July Lawn and Garden TipsAnnuals| Herbs| Indoor Gardening| Perennials| Summer Gardening| Vegetable Gardening
We are officially more than halfway through the year! Although the July heat may tempt you to stay inside, there is actually a lot that needs to be done in your lawn and garden in July. Don’t let that hard work you did in the spring go to waste! If you have questions about anything we include here or need products we recommend, please visit our garden center and one of our staff should be able to get you the information or product you need.
Fruits and Veggies
- Side dress (fertilize) your garden vegetables. Garden Tone is a great choice.
- Plant your fall vegetable garden now! (Check out this site for when to plant what in NC)
- Beans, carrots, brussel sprouts, and tomatoes
- Start broccoli, cabbage and cauliflower in peat pots to transfer in mid-August.
- Prune fruiting canes of raspberry and blackberry plants. Prune dieback on blueberry.
- Spray cucumber, squash, tomato and eggplant if insects are observed. (We recommend and carry Captain Jack’s Dead Bug or Insect Killing Soap.)
- Look for blossom-end rot on tomatoes (more info in the Growing Tomatoes blog post).
Shrubs and Lawns
- Change direction every time you mow.
- Mow north to south one mowing, then east to west the next.
- Check lawn perimeters near woods for weeds like poison ivy, honeysuckle and kudzu and spray with herbicide.
- Feed zoysia lawn with fertilizer. DO NOT feed tall fescue.
- Maintain 3.5-4 inch mowing height for fescue and 1.75-2 inches for zoysia and bermuda.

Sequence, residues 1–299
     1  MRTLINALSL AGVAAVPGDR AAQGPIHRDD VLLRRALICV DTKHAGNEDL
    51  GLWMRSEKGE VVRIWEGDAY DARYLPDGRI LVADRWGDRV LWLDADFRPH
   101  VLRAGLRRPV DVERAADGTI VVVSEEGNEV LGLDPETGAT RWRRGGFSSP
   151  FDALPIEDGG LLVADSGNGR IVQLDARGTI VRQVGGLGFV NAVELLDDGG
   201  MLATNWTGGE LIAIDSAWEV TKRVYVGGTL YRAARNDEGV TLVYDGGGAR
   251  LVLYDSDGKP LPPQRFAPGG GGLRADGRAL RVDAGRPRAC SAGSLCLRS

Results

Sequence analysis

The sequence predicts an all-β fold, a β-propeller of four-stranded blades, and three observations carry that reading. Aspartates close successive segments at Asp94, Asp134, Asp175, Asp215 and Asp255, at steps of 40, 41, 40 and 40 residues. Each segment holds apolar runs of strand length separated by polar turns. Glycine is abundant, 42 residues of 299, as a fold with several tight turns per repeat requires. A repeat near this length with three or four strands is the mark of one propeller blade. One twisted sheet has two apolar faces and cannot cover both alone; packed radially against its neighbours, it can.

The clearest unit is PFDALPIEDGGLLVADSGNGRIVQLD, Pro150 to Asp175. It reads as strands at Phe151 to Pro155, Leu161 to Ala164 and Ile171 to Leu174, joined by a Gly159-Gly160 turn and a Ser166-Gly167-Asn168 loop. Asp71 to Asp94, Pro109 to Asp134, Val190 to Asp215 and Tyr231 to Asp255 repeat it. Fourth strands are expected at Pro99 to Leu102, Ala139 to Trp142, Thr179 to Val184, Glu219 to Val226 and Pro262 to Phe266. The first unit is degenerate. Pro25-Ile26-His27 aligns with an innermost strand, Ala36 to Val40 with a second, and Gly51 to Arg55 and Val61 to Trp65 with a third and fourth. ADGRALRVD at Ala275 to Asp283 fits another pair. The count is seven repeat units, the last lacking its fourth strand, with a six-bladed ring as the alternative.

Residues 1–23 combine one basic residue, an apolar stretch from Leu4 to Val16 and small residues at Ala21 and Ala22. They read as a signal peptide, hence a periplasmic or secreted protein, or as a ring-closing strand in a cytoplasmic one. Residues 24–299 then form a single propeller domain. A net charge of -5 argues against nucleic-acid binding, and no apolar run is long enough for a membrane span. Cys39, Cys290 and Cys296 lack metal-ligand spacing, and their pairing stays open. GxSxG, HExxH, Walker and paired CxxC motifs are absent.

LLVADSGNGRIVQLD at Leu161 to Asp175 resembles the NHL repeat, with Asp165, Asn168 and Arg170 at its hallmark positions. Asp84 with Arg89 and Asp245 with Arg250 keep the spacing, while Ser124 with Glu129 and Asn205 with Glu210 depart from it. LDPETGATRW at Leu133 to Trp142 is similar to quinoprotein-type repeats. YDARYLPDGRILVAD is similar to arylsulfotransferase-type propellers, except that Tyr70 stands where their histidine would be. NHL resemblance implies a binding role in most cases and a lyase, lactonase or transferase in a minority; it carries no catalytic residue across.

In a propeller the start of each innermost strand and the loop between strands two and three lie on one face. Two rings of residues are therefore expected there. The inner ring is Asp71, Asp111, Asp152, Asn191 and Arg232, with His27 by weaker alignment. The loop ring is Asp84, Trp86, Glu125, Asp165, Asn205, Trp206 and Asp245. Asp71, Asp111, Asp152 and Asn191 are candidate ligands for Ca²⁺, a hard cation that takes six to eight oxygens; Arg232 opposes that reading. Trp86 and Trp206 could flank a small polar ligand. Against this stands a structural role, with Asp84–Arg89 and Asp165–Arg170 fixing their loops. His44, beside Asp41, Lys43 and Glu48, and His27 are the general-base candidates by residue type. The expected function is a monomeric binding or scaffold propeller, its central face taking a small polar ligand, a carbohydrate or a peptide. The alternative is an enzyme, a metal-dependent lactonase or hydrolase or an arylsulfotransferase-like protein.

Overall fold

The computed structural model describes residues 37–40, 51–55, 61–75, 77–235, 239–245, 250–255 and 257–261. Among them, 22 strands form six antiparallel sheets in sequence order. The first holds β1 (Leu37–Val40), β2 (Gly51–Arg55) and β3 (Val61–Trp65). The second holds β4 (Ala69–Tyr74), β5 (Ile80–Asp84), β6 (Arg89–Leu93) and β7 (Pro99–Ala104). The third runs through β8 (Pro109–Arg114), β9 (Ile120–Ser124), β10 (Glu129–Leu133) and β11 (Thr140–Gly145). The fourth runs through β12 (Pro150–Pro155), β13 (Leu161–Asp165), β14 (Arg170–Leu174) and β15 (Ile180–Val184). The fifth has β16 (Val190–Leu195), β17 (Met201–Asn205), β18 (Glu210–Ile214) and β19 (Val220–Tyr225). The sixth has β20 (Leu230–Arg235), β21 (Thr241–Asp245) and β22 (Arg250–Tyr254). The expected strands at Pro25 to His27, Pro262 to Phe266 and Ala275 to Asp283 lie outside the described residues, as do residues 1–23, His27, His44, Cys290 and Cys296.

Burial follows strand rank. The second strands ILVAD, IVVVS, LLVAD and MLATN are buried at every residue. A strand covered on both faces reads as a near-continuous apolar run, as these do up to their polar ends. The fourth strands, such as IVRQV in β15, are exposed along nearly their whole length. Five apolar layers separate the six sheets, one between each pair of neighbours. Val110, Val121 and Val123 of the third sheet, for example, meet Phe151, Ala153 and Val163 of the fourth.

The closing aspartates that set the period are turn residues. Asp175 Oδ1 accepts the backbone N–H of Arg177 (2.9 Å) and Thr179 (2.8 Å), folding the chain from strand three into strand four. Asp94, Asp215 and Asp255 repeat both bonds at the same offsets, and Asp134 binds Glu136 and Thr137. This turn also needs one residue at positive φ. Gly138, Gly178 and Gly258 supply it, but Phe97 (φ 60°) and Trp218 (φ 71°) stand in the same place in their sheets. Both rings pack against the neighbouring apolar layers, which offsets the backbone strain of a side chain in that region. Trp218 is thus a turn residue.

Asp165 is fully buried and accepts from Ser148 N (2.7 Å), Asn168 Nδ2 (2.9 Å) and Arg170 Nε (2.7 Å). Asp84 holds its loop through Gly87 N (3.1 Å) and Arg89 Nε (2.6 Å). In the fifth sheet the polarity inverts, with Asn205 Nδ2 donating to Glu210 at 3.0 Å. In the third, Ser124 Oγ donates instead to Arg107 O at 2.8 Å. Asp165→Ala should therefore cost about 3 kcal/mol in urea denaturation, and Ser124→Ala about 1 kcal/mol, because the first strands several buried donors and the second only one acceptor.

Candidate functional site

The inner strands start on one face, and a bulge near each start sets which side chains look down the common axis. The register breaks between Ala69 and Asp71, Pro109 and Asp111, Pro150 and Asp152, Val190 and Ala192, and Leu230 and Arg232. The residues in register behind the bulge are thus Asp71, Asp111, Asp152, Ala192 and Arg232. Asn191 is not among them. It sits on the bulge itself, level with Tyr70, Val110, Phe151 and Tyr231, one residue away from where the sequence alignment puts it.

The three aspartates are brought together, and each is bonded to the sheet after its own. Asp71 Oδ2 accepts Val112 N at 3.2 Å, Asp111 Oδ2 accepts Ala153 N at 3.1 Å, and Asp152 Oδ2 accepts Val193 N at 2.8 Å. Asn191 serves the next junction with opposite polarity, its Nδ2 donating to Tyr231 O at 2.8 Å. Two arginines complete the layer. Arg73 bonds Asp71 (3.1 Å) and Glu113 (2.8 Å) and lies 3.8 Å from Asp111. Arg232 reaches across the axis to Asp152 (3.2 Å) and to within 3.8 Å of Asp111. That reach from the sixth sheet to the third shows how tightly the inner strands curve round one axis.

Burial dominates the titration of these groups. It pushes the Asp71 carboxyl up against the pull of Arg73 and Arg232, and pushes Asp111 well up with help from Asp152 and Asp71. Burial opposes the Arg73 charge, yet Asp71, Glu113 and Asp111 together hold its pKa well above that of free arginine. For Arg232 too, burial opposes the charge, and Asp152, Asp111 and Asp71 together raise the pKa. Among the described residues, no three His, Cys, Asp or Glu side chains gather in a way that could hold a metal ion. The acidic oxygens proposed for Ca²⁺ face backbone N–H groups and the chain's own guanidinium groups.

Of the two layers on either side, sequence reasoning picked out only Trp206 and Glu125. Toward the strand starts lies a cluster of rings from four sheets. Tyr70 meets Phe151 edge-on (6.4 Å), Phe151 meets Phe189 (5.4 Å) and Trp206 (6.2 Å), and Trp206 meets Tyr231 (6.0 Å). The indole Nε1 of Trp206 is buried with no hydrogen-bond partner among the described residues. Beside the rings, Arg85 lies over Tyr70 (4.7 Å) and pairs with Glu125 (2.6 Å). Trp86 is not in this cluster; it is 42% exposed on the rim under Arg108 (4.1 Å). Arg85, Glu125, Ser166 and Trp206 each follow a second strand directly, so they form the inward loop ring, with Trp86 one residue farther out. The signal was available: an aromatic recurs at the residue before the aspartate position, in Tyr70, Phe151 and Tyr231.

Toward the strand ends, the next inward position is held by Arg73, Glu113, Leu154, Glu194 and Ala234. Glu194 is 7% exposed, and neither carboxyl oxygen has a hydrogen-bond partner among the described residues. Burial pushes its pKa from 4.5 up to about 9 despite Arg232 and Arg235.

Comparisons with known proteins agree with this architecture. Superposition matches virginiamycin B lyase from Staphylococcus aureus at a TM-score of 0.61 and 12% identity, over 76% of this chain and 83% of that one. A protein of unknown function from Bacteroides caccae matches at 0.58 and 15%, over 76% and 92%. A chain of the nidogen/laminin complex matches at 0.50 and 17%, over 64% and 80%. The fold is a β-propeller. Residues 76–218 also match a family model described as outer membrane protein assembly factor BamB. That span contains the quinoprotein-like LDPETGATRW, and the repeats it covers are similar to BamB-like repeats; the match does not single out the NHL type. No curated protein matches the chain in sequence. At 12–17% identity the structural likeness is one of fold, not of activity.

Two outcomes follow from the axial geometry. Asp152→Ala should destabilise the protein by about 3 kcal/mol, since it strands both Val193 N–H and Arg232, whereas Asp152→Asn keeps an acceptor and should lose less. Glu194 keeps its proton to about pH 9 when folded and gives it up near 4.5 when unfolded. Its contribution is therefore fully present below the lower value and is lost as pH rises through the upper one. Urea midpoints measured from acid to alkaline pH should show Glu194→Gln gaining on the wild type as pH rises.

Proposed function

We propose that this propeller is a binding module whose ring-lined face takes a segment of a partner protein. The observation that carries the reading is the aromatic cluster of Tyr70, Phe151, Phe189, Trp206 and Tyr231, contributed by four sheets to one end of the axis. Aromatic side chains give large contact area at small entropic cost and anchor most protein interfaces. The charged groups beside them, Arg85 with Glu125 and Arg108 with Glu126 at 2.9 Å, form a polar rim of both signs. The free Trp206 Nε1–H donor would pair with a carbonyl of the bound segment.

- Check these shrubs for insect pests and treat with insecticide: arborvitae, azalea and pyracantha.
- Spray for Japanese beetles as needed (Triple Action Fertilome is a great product for getting rid of Japanese beetles).
- Prune dieback limbs on rhododendron, azalea, and mountain laurel.
Flowers and Trees
- Prune white pines and narrowleaf evergreens like juniper early this month (like today!).
- Prune maple, dogwood, birch and elm trees.
- Deadhead annuals and perennials that need it (see this blog post on deadheading).
- In addition to deadheading, annuals that have gotten leggy or overgrown should be trimmed back. Look for stems that aren’t looking so good and snip them off. Don’t cut back more than one-third of the plant. And don’t fear! In a week or so, you will see a difference in your annuals that will delight you!
- Divide and transplant your irises and daylilies. Transplanting irises can be a little tricky. Check out this site for some advice.
This and That
- Now is a great time of year to look for spots that need additional shade trees.
- Check houseplants that may need to be repotted. Or add new ones to your collection! We have gorgeous houseplants in stock.
- Cut summer flowers for arrangements: cosmos, dahlias, phlox, sunflowers, and zinnias.